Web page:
Frisky ferrets are America’s third-most-common
uncaged household pet
One afternoon when I was 10, my mother started shrieking “A RAT ! A RAT !” while clinging to the wall from her perch on top of the living room couch. My father grabbed a nearby jacket to capture the critter and was surprised whenit playfully scampered into the sleeve and poked a little whiskered nose out the cuff.
It was Memorial Day weekend, in the days before off-hours animal control, so it appeared we had a guest. We weren’t sure what it was, but we knew it wasn’t a rat, and it was strangely friendly for a wild animal. My parents were leery, but I was enamored and begged to be allowed to feed my new friend the hot dogs it loved instead of the carrots my mother insisted it should eat.
When animal control arrived on Tuesday, they identified our guest as a ferret (Mustela furo), a
cousin to the weasel. With parental assurances that it would be taken to a rehab center and released into the wild, I bid my temporary pet goodbye.
Years later, when I became a ferret parent, I learned the sad truth that ferrets cannot be released
into the wild, since they are domestic animals lacking instincts to survive on their own. That ferret was a pet that had gotten lost, and spotted our open garage door as an invitation
into another human family.
Ferrets can make great pets; they are frisky, inquisitive, and playful. They are the most common uncaged pet in the U.S. after dogs and cats (although illegal in some states and municipalities). They are quiet—usually silent unless they are chuckling as they play or when they knock the books off a shelf just for fun. They are known thieves, and my socks were the favorite item to drag under the couch to stash with all the others. On laundry day, we always knew we had
to move the couch!
Ferrets are somewhat trainable with treats such as raisins, and they love to play with their humans or ride on a shoulder for a walk in the yard. They get into everything, although they are not generally destructive. The world is a grand place to explore, from a ferret’s viewpoint, and mine never tired of digging the dirt out of houseplants, exploring the depths of the couch cushions, and pushing things off tables just to see what would happen.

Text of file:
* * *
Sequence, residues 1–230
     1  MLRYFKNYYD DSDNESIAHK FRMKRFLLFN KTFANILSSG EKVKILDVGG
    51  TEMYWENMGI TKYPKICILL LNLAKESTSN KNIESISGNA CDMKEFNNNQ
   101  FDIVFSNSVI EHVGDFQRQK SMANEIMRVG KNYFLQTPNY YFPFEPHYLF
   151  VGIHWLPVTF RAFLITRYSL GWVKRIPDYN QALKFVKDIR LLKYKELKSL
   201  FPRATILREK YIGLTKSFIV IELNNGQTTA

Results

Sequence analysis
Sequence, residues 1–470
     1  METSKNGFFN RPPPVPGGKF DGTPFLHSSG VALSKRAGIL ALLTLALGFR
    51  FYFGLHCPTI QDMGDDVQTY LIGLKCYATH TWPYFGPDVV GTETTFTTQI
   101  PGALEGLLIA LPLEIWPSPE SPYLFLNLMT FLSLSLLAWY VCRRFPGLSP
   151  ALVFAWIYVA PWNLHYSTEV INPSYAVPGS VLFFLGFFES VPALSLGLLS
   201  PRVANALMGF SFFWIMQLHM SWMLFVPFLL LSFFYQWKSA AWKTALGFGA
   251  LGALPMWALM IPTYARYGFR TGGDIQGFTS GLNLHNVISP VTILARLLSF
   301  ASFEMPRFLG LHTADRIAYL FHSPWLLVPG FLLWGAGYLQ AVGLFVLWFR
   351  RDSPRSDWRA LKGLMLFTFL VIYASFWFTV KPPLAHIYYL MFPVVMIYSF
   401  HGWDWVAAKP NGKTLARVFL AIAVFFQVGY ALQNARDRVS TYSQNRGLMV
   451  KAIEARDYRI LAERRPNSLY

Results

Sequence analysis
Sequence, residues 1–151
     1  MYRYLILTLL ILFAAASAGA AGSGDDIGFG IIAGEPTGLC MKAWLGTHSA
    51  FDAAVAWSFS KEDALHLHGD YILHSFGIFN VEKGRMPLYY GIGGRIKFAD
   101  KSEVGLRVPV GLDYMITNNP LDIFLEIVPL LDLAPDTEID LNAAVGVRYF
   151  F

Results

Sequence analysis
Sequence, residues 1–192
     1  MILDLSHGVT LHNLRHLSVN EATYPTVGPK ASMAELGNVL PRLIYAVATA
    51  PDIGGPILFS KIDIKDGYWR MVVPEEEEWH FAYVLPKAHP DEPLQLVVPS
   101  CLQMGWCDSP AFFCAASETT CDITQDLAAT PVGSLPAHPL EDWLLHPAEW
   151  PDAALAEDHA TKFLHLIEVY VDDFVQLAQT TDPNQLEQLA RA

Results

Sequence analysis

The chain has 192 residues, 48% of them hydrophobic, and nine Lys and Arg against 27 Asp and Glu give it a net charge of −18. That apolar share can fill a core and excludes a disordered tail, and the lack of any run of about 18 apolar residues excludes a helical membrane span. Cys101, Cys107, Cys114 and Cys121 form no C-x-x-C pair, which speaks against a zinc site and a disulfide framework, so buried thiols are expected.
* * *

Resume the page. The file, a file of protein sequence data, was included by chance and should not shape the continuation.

Because they are curious, it is important to ferret-proof your home and ensure that they have a safe cage to snuggle in when unsupervised. Special cages are made for ferrets, or some rabbit cages may be used. Aquariums are not suitable, as ventilation is important.
Which brings me to the downside of ferret ownership. Ferrets have a distinct smell, even the ones that have been “de-scented.” While a clean ferret isn’t smelly, it is critical that the cage be kept immaculate, or their odor can overwhelm the house. Ferrets are clean animals and use a litter box like a cat, but their excrement is pungent, and the sooner it is removed, the better for all. Ferrets are not generally good pets for families with very young children, since they are easily hurt by an enthusiastic child.
Like so many other pets, ferrets become displaced from their families for various reasons. They can live 6 to 10 years and require human interaction—more like a dog or cat than a hamster or guinea pig. I was a foster home for ferret rescue for many years, and encourage you to consider contacting a rescue group before heading to a pet store to plunk down cash. Rescue groups often know the temperament of the animals in their care, and will be able to find just the right “Weezil” for you.